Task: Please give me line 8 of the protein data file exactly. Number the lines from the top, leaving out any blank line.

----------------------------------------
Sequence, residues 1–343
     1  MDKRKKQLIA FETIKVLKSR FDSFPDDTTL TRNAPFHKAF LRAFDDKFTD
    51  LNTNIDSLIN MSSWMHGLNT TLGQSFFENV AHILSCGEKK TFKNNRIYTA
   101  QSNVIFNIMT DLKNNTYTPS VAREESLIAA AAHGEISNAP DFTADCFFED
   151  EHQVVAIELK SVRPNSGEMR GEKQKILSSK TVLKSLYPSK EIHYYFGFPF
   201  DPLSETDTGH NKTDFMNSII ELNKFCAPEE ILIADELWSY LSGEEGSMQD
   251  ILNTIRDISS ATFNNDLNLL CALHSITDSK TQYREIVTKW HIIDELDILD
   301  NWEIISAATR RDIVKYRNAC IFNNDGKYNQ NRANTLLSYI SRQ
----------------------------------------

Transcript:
   301  NWEIISAATR RDIVKYRNAC IFNNDGKYNQ NRANTLLSYI SRQ